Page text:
Mr. Frederick is attending college and I wish him well. I'm sure he is disappointed that the U.S. Supreme Court ruled against him but I think he should be happy that they did not have to power to lay some real justice on him: sentence him to a career in secondary school administration.

Please weigh in.


Jas said...

I wish to evoke the spirit of Uncle George.

There are ways to be showy and still be classy. There are ways to write signs, or letters, and confuse enough that people think you are complimenting them, even though you are saying that they live in a brothel and their mother is a 10 dollar whore.

Uncle George wrote letters to the editor, free speech, that weren't offensive, or embarrassing, but were smart, and required the reader to understand. The casual observer dismissed most of the letters as text.
The enlightened reader laughed as the paper would publish insults that were far worse than profanity.

If this kid, *kid*, had done something smart, that wasn't obvious and overt, but subtle, and much more understated, I'd have sympathy, and perhaps even admiration.

Bong Hits 4 Jesus?

I think that pretty much sums up what he has to say about things, not to mention probably also exemplifies what most of his "collegiate" activities will entail.

He'll likely have kids someday, if he ever moves out of his parents' basement, and gets a job. He'll have some explaining to do then.

smussyolay said...

i don't know your uncle george. but i dig that kind of person.

however, i also respect your low class dumbass.

here would be my question. were the kids going back to class? if not, i'd argue that they were let go early to witness this special event, thus they were not on school grounds. they don't "represent" anything other than themselves. period. thus, their free speech once again becomes their own.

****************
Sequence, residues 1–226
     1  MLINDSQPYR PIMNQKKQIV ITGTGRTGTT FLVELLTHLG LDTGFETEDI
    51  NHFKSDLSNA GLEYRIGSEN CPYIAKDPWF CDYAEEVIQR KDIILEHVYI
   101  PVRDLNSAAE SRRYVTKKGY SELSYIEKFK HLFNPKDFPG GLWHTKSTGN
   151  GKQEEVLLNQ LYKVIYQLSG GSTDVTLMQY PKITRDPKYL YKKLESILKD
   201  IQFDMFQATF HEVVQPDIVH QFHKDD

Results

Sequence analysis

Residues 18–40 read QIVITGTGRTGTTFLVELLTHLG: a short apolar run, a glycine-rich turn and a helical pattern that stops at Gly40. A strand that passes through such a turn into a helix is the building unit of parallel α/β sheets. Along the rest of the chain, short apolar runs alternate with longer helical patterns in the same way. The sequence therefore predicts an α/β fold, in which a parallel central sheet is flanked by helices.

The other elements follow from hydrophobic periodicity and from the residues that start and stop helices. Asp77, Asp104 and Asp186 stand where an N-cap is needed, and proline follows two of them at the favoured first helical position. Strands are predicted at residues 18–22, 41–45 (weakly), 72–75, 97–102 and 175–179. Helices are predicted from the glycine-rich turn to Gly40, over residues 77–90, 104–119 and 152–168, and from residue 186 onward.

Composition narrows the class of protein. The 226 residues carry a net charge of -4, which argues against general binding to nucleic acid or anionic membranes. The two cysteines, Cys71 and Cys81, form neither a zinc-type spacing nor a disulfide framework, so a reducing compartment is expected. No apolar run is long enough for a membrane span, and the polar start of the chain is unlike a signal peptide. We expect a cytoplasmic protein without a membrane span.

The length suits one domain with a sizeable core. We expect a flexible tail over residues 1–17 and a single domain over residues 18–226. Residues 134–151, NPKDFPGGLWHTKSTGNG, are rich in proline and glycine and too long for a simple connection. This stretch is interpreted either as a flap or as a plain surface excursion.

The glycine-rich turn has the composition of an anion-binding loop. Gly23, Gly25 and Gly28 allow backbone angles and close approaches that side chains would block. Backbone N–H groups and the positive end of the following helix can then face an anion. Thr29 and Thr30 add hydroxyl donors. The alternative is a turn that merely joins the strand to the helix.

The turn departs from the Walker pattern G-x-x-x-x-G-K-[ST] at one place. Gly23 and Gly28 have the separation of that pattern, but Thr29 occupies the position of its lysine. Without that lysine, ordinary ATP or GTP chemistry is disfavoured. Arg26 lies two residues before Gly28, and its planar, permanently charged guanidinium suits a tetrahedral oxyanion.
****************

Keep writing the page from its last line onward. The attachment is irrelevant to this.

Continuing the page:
if the kids were going back to class, then they're still under school rules. if not, then he should be in the free and clear, imo.

but that's me...

smussyolay said...

correction: i respect your low class dumbass' right to free speech.

Eric said...

I think he is attending some college or another and is studying for a year in China.

And one of the things the US Supreme Court (and did I mention it was THE US Supreme Court ... you would think they would have better things to do) had to decide was whether this was a school-related event.

I think the decision hinged on the fact that (and I am not making this up) the SCHOOL BAND ATTENDED.

Also where were the parents in all of this. I can only imagine my father saying "YOU were the dumbass who held up the banner, take yoru suspension and lets not get into the paper again, eh?" or words to that effect. But nooooo. Jimminy Smartass had parents who said "sure, let's take this as high as it goes."

Eric said...

To update, the case actually turned on whether "bong hits" was a pro-drug message.

However a dissenting opinion by Stephen Breyer (my favorite justice - no kidding) pointed out that the principal had plenty of right to suspend the student anyway (disruptive behavior, etc) so that the freedom of speech issue was moot.